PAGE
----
Of 321 experts surveyed by the journal Nature, some 15 per cent said they had experienced death threats, while more than one-quarter of the respondents said they “always” or “usually” received comments from trolls or personal attacks after speaking about Covid.
Scientists said the abuse has made their work “exceptionally challenging” and impacted on their mental health. More than 40 per cent said they had experienced emotional or psychological distress as a result of the threats.
Respondents who reported most frequently being trolled online or receiving personal attacks were also most likely to say that their experiences had greatly affected their willingness to speak to the media in the future.
Some said that they were hesitant to speak about certain topics because they saw the abuse that others faced.
Chloe Orkin, professor of HIV medicine at Queen Mary University of London, said the results of the survey “demonstrate that the highly charged and polarised anti-science views surrounding Covid-19 coupled with the relative anonymity of social media have provided an ideal breeding ground for online abuse”.
Dr Michael Head, senior research fellow in global health at the University of Southampton, said he believed the “intensity of such harassment has gone up significantly across the pandemic, including becoming more organised and frightening than simply mindless comments on social media.
“Right now in the UK, anti-vaccine activists are also harassing children coming out of school and making threats to teachers and staff carrying out teenage vaccinations,” he added.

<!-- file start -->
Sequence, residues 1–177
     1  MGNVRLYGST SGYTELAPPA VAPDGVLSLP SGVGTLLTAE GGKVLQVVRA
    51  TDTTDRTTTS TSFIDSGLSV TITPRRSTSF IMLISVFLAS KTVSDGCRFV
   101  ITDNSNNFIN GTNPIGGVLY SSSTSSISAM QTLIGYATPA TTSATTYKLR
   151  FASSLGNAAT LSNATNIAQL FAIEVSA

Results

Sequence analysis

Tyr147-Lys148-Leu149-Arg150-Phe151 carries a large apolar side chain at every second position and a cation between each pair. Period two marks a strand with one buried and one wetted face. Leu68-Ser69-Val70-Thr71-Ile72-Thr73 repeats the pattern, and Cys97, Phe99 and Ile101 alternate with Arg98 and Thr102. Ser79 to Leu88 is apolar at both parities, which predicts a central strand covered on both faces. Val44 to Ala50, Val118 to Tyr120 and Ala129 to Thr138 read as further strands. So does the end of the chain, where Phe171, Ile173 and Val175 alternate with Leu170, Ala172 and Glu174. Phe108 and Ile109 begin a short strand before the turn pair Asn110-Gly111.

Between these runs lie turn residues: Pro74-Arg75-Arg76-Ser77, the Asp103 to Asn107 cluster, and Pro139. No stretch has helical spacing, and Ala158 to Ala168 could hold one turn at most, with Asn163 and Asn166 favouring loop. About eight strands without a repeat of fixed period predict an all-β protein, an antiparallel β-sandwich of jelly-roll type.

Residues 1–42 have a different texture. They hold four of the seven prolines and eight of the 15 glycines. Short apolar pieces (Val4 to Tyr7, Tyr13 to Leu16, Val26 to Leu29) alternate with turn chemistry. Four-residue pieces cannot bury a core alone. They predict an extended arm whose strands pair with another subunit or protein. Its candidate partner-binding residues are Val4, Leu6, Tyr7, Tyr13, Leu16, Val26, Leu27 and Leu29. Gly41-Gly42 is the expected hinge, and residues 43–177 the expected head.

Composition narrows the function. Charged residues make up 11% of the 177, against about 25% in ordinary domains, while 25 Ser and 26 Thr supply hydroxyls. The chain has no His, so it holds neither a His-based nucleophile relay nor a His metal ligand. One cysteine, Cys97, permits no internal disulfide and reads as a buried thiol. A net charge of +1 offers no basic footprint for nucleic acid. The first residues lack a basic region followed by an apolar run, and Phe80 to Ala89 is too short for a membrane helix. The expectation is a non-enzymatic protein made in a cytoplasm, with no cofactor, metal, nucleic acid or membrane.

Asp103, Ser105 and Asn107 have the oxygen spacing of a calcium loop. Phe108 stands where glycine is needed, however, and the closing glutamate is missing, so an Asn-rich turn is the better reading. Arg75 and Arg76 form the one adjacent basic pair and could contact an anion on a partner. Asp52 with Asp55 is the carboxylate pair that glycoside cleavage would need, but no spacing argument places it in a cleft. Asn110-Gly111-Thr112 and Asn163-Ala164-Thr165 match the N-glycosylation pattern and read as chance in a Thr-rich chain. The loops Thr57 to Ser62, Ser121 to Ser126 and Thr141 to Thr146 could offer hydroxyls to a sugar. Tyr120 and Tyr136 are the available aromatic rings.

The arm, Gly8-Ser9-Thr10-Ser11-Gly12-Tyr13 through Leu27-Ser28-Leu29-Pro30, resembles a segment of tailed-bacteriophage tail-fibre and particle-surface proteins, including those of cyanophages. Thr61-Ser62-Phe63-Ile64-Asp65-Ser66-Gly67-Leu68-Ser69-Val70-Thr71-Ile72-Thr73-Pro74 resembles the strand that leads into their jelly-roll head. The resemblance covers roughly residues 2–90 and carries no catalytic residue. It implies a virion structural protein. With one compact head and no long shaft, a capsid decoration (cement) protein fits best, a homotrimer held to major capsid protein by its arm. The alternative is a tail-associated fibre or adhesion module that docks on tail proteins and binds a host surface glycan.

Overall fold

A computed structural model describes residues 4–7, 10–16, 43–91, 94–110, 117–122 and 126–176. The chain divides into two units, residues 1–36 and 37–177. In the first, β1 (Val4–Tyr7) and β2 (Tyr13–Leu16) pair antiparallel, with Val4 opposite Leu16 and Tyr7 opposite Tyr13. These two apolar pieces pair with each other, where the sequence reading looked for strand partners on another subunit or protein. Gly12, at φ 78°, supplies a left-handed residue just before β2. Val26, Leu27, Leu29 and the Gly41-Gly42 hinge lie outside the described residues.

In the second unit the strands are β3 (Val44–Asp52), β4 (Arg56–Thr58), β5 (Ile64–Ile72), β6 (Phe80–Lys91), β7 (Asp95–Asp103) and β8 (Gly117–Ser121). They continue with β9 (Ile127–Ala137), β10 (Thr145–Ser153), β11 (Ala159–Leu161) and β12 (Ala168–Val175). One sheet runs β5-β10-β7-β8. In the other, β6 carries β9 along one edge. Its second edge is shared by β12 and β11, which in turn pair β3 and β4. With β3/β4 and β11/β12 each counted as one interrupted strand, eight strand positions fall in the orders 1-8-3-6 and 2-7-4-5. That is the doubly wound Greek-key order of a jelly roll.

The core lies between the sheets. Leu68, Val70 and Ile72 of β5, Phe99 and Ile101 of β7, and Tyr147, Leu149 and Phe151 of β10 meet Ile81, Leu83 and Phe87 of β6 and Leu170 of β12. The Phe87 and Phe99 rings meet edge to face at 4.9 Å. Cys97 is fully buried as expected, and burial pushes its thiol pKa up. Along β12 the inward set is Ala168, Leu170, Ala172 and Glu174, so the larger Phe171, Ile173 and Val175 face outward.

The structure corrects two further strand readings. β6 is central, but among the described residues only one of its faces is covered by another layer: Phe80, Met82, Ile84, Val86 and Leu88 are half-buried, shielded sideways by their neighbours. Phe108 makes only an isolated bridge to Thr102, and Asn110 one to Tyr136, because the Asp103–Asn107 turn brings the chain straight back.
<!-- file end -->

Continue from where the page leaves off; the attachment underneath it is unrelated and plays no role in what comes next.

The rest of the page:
Nature’s poll was distributed to scientists in the UK, Germany, US, Canada, Taiwan, New Zealand and Brazil who have been prominently quoted in the media throughout the pandemic. Around three-quarters of all respondents were from the UK, Germany or US.
Some 22 per cent said they received threats that were physically or sexually violent in nature.
Susan Michie, a professor of health psychology at University College London, said the results “tallies closely with that of myself and many UK women colleagues who have been prominent in speaking to the media.
“The online abuse occurs most intensively after media engagements and especially after those that address restrictions to social mixing, the wearing of masks or vaccination. These can be disturbing, especially when first experiencing the abuse.”
She said the abuse had not deterred “many” of her female colleagues from continuing to speak to the media about Covid. “They are well established in their careers and very committed to communicating scientific understanding,” Prof Michie said.
However, she did express concern over how the abuse could discourage early career scientists, especially young women and those from ethnic minority backgrounds, from engaging with the public via the media.
Melinda Mills, a professor of sociology the University of Oxford, said a “recognition” of the abuse was a “step in the right direction”.
“Personal death and other threats against me and my colleagues has made this work exceptionally challenging and stressful and impacted mental health and willingness to contribute.”
Despite the negative experiences of many scientists, most said they generally appreciated their interactions with the media.
Overall, 85 per cent of surveyed experts rated their experiences with the media during the pandemic as “always” or “mostly” positive; some 84 per cent said they were able to get their message out to the public; and 63 per cent said speaking to the media was personally rewarding.